“Okay, okay,” she agreed quickly. Too quickly—as if she’d realized what she’d implied and felt bad about it. She grabbed me by my shoulders and pulled me into a big hug.
“I’ll miss you, baby,” she whispered in my ear.
“I’ll miss you too, Mom.”
“You’re going to be fine. Really. It won’t be as bad as you think.”
I squirmed away.
“I’m serious, Lexi. . . .” Her voice drifted off, and I could tell she was searching for something positive, and, of course, completely cliché to say in a vain attempt to make me feel better. Like how I should get right back on that horse. Or time heals all wounds. Or I should turn lemons into lemonade. Or maybe the most ridiculous one of all: It doesn’t matter if you win or lose; it’s how you play the game.
Yeah right. Tell that to the Olympic committee.
“It’s okay, Mom.” I tried to reassure her. “I’ll be fine. Promise.” I gave her my biggest, best fake smile. The one I’d been using all year long to satisfy concerned aunts and uncles and doctors and friends. The one that said, I’m fine. Even though I wasn’t.
Mom met my eyes, as if not fooled for a second. Then she sighed and planted a kiss on my nose like she used to do when I was little. “I know you will. You’re my strong girl,” she whispered, giving my shoulders a comforting squeeze. “My little warrior princess.”
She started back to the car, then stopped. I watched her turn back slowly, her face a mess of mixed emotions. “Just . . . ,” she started, then trailed off.
I furrowed my brow, wondering what she wanted to say. “Just what, Mom?” Was she finally going to tell me? Admit what I’d overheard the doctor say when he thought I wasn’t listening? She’ll be able to snowboard again, he’d told her. But she may never be what she was before the accident.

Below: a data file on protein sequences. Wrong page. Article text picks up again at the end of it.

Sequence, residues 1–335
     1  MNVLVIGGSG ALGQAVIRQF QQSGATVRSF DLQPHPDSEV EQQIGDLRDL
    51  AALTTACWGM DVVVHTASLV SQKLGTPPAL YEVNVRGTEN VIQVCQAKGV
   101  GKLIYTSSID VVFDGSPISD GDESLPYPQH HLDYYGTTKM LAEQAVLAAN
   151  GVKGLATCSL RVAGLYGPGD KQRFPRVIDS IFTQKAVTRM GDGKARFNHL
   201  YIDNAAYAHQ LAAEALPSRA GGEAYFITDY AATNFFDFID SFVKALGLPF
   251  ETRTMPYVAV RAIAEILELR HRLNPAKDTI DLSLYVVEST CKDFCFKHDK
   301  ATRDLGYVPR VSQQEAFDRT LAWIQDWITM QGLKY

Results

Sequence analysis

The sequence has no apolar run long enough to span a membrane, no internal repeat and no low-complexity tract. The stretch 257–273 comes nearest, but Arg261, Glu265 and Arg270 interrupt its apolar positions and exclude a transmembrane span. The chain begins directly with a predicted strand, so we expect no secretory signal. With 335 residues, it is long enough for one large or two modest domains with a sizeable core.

Which, in doctor speak, roughly translated to: You know those silly little Olympic dreams? Yeah, not going to happen. Not in this lifetime anyway.
Mom was silent, and I could practically see her warring thoughts battling one another inside her head. Then, at last, she sighed. “Just don’t let him push you,” she said in a quiet voice. “Trust your instincts. Go at your own pace. You have nothing to prove to anyone. Even if . . .” She trailed off again, and I knew she didn’t want to say out loud what we both knew could be true. “You’re special,” she amended. “No matter what. Never forget that.”
Oh great. I could feel the lump rise to my throat. The tears well up in my eyes. I’d promised myself I wouldn’t cry. Not here. Not where someone could see. So I swallowed down the lump and swiped away the tears, forcing myself to nod my head.
“I’ve got to go,” I mumbled, grabbing my suitcase and turning to head toward the dorm. I could feel Mom’s eyes on my back, watching as I stumbled under the main archway leading into campus, unable to help but catch the familiar school quote above me, etched in stone and echoed by teachers and coaches all over school.
What would you attempt to do, it asked, if you knew you could not fail?
I used to love that quote. I used to say it all the time. Wrote it in notebooks, stickered it to my board. The same board that had cracked in two that fateful December day when I learned the truth.
That I could indeed fail. And that failure really hurt.